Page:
So, I decided to start a blog.
How incredibly trendy.
Actually, been meaning to do it for awhile. Now, it seems I will be spending the summer away from my wife, family and friends, so I thought it might be a half-decent way of keeping folks abreast of my daily doings ( without the sometimes .... ok, I admit it....most of the time ) seemingly insurmountable effort involved in reaching out to my geographically scattered family on an individual basis.
That being said, I fully intend on keeping up with everyone, but I suspect this summer will hold more than a few adventures for me, and I'd just bore you all to tears telling stories about it after. This way, you can pre-empt me and simply say...I've read the blog.... and I'll know instantly that most of the good stories have been told already.
Most of this blog will be public as well, for friends, co-workers, colleagues and curious bystanders to read as well. So.... there will be a certain anonymity that I am going to try and maintain. I will not mention my name, nor my employers name or location. Those who know me, even peripherally, will probably be able to put it together within a short while as to who and where...but the curious bystanders, while I think I will enjoy sharing my experiences with them, I'd like to reserve the right to be anonymous to them for now anyways.
Today also marked a major milestone for me. Today, I passed my Commercial Pilots Flight Test.
Pending a little bit of paperwork and Transport Canada's imperious wave over the envelope of offerings I send to them, I am now a Commercial Pilot.
I've been working towards this day for the last 2.5 years. Hmm. I should correct that. I happen to be in a code-sharing agreement with The Lovely Wife ( TLW ) and she bore more than a little of the sacrifices, financial and otherwise, that were made to get here. So, We've been working on this for 2.5 years.
October of 2006, we sat down and started talking about life, dreams and directions. We had both just finished a 2-year sojourn into self-employment that had failed to give us the lifestyle and income we had hoped it would.
By the end of that month, I had signed up at a local Flight Training Unit ( FTU ) and started down the road towards my Private Pilots Licence. It's something I had always wanted to do, even since I was a little kid. But somehow, it always seemed out of reach. Digging into it a little more, beneath the romanticized cliches and movie-stereotypes, there actually lurks a relatively blue-collar profession that can be done by most people. Not that its easy, but it's within reach for more people than it might seem at first glance.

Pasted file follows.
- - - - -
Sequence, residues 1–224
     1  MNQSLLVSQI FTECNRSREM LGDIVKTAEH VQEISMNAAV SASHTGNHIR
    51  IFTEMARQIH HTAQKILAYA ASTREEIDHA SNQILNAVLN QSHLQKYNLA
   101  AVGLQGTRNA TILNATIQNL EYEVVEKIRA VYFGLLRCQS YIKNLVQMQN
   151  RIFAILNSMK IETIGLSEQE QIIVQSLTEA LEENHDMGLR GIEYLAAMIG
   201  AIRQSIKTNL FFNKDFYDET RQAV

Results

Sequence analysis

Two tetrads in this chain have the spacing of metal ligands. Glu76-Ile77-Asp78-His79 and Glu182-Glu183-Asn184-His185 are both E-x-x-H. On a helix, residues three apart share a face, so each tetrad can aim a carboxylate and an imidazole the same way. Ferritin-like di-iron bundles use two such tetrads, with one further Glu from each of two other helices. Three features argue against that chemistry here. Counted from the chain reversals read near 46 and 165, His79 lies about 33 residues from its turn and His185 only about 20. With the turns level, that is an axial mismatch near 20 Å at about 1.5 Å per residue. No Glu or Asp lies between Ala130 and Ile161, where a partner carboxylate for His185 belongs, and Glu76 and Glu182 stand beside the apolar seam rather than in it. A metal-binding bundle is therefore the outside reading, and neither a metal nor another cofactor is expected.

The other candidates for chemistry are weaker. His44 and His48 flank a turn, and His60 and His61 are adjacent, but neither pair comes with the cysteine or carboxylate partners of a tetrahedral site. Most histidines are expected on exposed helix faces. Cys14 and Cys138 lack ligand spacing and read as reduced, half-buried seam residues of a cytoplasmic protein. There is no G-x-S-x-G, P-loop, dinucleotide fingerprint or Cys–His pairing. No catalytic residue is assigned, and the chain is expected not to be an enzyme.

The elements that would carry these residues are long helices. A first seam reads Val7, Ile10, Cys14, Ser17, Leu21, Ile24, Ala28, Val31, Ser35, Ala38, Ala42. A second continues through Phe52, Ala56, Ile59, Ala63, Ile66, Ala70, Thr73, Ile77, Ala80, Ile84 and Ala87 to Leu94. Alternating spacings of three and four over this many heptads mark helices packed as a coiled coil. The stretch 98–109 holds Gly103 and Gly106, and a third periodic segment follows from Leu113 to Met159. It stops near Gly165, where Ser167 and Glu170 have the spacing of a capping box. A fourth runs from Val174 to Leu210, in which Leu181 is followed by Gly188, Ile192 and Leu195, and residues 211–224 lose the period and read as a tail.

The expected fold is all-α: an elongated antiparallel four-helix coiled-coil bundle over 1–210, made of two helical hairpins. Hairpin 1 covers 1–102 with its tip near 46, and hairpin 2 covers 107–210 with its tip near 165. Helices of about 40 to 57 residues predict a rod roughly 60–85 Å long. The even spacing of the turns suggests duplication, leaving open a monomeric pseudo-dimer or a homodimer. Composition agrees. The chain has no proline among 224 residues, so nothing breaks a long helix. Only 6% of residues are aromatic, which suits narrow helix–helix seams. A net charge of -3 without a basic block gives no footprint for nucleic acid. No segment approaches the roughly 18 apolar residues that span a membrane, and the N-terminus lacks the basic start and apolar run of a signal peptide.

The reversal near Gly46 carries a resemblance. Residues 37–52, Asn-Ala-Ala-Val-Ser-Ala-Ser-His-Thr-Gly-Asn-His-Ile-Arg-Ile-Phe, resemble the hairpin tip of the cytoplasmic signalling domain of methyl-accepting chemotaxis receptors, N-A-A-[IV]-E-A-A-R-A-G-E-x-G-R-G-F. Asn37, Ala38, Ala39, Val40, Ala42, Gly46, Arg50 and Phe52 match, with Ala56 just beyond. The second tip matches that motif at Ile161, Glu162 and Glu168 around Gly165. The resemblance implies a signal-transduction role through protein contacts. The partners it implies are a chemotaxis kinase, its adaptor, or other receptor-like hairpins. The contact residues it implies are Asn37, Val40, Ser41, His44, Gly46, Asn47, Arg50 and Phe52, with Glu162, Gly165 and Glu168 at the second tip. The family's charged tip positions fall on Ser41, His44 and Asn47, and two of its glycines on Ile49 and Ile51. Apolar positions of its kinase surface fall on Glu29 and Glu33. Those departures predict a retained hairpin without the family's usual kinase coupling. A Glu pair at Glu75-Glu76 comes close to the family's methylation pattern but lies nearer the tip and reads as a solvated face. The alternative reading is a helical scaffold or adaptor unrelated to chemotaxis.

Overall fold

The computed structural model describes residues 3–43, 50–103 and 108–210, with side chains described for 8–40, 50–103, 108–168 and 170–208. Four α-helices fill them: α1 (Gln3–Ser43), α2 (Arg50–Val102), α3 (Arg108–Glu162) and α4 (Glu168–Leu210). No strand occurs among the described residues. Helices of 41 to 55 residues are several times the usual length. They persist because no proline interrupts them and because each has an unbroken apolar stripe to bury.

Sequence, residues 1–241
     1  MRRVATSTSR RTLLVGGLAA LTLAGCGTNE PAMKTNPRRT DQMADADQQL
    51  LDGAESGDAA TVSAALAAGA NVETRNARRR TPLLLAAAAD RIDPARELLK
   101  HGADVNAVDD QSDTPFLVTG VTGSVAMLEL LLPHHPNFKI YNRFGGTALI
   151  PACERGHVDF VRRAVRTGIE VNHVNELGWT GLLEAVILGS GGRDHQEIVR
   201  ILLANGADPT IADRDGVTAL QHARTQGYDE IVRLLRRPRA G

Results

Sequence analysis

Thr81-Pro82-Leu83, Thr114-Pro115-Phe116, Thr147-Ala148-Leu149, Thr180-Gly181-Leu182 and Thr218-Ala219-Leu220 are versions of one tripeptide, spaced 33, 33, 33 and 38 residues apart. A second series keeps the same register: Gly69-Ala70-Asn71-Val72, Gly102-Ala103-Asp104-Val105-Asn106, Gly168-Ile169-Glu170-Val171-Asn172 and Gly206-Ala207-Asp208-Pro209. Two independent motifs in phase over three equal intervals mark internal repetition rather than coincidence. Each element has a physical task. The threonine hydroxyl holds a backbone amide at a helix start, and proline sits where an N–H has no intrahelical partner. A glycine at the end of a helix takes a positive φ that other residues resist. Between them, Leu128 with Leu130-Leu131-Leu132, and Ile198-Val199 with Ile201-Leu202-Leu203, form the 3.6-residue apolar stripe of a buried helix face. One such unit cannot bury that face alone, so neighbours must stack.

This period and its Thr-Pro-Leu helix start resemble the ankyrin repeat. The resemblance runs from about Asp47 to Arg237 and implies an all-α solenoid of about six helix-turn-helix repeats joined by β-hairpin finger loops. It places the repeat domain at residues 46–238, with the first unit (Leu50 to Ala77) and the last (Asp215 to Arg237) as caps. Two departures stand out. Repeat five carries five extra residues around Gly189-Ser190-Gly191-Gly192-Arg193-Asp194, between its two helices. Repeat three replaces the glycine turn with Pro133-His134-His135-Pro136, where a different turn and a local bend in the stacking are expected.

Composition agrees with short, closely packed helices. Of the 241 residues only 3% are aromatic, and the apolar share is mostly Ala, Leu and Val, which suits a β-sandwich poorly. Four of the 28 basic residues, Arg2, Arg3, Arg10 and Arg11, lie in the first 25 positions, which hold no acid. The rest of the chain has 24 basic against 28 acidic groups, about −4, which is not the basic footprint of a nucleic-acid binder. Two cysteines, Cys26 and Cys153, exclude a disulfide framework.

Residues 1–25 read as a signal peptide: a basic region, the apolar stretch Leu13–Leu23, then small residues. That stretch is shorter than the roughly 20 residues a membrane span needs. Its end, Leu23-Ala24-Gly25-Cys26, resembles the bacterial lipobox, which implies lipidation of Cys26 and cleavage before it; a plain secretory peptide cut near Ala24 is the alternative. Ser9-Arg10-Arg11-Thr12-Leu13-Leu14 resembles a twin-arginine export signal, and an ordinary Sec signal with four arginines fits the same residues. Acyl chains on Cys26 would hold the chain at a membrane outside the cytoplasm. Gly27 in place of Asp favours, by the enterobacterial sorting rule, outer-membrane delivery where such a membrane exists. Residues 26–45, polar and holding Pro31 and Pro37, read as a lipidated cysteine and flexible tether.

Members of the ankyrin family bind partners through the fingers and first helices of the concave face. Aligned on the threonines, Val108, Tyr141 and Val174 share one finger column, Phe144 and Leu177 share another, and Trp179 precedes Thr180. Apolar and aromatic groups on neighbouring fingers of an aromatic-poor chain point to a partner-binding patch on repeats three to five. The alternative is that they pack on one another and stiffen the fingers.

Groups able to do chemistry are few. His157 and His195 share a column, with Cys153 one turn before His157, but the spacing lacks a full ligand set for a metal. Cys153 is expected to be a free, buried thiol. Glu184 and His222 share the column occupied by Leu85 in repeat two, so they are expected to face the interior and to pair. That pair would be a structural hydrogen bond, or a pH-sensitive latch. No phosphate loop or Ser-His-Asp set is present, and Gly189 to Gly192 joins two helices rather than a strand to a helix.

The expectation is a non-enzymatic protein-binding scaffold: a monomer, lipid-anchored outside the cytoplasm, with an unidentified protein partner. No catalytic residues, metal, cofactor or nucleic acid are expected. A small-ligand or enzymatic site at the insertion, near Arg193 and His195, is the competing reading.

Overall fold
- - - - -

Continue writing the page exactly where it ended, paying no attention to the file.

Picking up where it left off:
So, by December, and 10 hours of dual instruction later, I solo'd a little Cessna 152, very similar to the one depicted above...ok REALLLY similar to that one.... And I was off, albeit a little slowly..
The Private Pilots License ( PPL ) took me just over a year to accomplish. I did it all in the mighty C152, a two-seater basic trainer aircraft. I did it part-time, evenings, weekends, that kind of thing, which tended to drag the process out a little bit. At the time, movement within the industry was fairly brisk, and I switched instructors twice, as my instructors moved on to bigger and better things. It took me just over 80 hours to complete the PPL.
After the PPL was issued, I now had the privilege of carrying passengers. Immediately following getting the license, I had a fairly lengthy list of people to whom I had promised rides once I had my ticket. Between the PPL and the Commercial Pilots Licence ( CPL ) there is a little bit of "extra" flight time that is not devoted to any particular discipline of aviation. Its not instrument-practice, its not practising specific maneuvers, nor anything else in particular. Its commonly referred to as " Time Building ".
Just a quick note for anyone else working towards their commercial..and this is my experience only, your results may vary... I figured I had at least 50 hours or so of time building to do. So, I took friends and family up for rides and trips, heck I would take anyone who wanted to go, I even took a few random airport-guys and other pilots in training that I had just met up on spontaneous trips. Now that I have completed the licence, I found that the " time-building " portion was ....not wasted....but definitely not as productive as it could have been.